With a simple tube, some software and a saliva sample, people and their doctors can measure levels of the stress hormone cortisol, according to new research presented last week at ICE/ENDO 2014, the joint meeting of the International Society of Endocrinology and the Endocrine Society in Chicago.
"We have designed a method by which anyone with a smartphone will be able to measure their salivary cortisol level quickly, easily and inexpensively," said lead investigator Dr. Joel Ehrenkranz, director of diabetes and endocrinology at Intermountain Healthcare in Murray, Utah.
While a commercial lab in the United States may charge up to $50 to run a quantitative salivary cortisol test and take up to a week to provide the results, the smartphone test will cost under $5 and give results in less than about 10 minutes, Ehrenkranz told Reuters Health in an interview.
"Parts of the United States and the rest of the world that lack facilities to measure cortisol will now be able to perform this essential diagnostic test, he said. Also, measuring salivary cortisol with this technology will provide a way for individuals to monitor their personal biometric stress levels easily and inexpensively.
Ehrenkranz and his research team would like to see healthcare providers around the world, especially in low-resource areas, use the smartphone test to help diagnose disorders involving excessive cortisol or depletion of the hormone, and to allow cortisol levels to be monitored easily over time.
Theyd also like the public to monitor their own cortisol levels whenever they want. So they designed their device to be inexpensive to manufacture, and easy to use on all cell phones, all platforms and all form factors.
It consists of a case, a light pipe, and a lens, it uses no battery power and its unbreakable and reusable, they say.
For the developing world, it needs to be inexpensive, Ehrenkranz said, and it costs only about $1 to make.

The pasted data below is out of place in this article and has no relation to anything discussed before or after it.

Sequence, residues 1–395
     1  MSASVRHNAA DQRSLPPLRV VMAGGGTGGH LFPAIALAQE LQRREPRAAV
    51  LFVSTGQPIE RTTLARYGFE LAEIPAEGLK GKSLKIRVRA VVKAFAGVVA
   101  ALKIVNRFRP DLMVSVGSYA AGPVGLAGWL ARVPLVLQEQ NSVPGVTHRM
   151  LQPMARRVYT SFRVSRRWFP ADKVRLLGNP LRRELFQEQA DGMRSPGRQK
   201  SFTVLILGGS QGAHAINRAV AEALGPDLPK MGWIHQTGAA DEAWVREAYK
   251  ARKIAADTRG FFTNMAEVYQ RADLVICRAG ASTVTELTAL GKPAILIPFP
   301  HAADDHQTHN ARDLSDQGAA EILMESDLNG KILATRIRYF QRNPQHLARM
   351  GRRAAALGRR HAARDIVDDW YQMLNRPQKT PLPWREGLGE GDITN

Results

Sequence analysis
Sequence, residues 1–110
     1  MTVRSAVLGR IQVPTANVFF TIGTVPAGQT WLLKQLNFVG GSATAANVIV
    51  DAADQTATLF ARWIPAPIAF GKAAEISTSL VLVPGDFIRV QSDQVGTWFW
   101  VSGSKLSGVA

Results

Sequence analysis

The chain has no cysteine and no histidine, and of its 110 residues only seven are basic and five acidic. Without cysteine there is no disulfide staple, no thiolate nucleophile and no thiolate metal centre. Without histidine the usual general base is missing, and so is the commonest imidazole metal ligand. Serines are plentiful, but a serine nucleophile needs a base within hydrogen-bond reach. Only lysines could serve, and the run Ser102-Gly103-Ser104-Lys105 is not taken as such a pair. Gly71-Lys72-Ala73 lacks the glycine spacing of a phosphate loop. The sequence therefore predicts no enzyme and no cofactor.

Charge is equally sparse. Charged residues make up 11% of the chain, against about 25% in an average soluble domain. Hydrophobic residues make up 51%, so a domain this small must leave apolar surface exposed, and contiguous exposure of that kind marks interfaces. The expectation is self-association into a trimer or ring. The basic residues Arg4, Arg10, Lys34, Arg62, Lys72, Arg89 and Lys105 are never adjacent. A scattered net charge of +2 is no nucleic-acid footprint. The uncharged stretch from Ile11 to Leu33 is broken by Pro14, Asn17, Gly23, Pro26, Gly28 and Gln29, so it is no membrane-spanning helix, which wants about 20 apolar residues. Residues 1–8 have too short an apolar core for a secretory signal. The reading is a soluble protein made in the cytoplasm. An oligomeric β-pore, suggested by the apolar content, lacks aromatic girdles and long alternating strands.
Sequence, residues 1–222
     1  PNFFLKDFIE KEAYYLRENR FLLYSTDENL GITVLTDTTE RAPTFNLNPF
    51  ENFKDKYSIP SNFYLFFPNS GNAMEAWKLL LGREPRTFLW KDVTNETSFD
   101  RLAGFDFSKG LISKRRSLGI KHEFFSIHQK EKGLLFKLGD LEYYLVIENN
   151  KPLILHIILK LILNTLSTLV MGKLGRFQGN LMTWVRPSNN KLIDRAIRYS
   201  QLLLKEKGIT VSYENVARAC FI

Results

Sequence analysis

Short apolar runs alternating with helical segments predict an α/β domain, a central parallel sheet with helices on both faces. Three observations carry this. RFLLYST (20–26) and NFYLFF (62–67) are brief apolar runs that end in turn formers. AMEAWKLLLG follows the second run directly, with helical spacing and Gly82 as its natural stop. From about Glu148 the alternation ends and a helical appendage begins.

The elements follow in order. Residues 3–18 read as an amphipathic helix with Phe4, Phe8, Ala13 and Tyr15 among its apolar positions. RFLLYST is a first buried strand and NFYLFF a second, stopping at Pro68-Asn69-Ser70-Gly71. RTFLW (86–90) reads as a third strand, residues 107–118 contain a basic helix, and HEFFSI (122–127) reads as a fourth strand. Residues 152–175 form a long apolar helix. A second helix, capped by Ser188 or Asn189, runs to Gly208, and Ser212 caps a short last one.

Project collaborator Dr. Randall Polson, senior optical engineer in the College of Engineering at the University of Utah in Salt Lake City, wrote in an email, "We are trying to make sure a skilled 8th-grader a 12-year-old can get accurate results."
"The measurement system's smartphone and reader act as a photo studio. The complex and difficult processes are put into the strip chemistry and embedded into the smartphone application, so if you have a charged phone and a test kit you can get accurate results without complicated infrastructure and highly trained technicians," Polson wrote.
To take the test, a person puts a straw-like saliva collector under the tongue, and capillary action wicks the saliva to an assay strip in a cassette that's inserted into a reader; the reader aligns a lens and light diffuser with a smartphones camera and flash. A few minutes later, the smartphone image analysis app quantifies the cortisol value.
Dr. Ehrenkranz said the first screening test for hypercortisolism is salivary cortisol, and that 3 percent of people with type 2 diabetes actually have Cushing's disease - of which excess cortisol would be a sign - but they don't get screened because their doctors don't have access to the technology.
It will also help individuals, Ehrenkranz said. As an example, he cited the 10 percent of people with depression who have psychotic depression, with cortisol levels that rise before the onset of psychosis. Using this device, people at risk for psychotic depression will be able to check their salivary cortisol level every day and take steps to avoid a psychotic break.
The Ministry of Public Health of Thailand plans to introduce the cortisol test later this year, as a consumer product to monitor individuals stress, Ehrenkranz said. His team is collecting clinical data to submit to the FDA to gain approval to market the test as a class 2 medical device, which they hope will be granted in 2015.